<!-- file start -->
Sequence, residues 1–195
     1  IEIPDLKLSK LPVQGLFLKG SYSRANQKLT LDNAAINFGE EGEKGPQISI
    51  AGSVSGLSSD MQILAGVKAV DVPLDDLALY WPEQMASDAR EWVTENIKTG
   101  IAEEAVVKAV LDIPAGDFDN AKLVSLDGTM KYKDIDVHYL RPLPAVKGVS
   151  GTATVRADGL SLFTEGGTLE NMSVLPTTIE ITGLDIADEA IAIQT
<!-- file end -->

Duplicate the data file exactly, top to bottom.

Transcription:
Sequence, residues 1–195
     1  IEIPDLKLSK LPVQGLFLKG SYSRANQKLT LDNAAINFGE EGEKGPQISI
    51  AGSVSGLSSD MQILAGVKAV DVPLDDLALY WPEQMASDAR EWVTENIKTG
   101  IAEEAVVKAV LDIPAGDFDN AKLVSLDGTM KYKDIDVHYL RPLPAVKGVS
   151  GTATVRADGL SLFTEGGTLE NMSVLPTTIE ITGLDIADEA IAIQT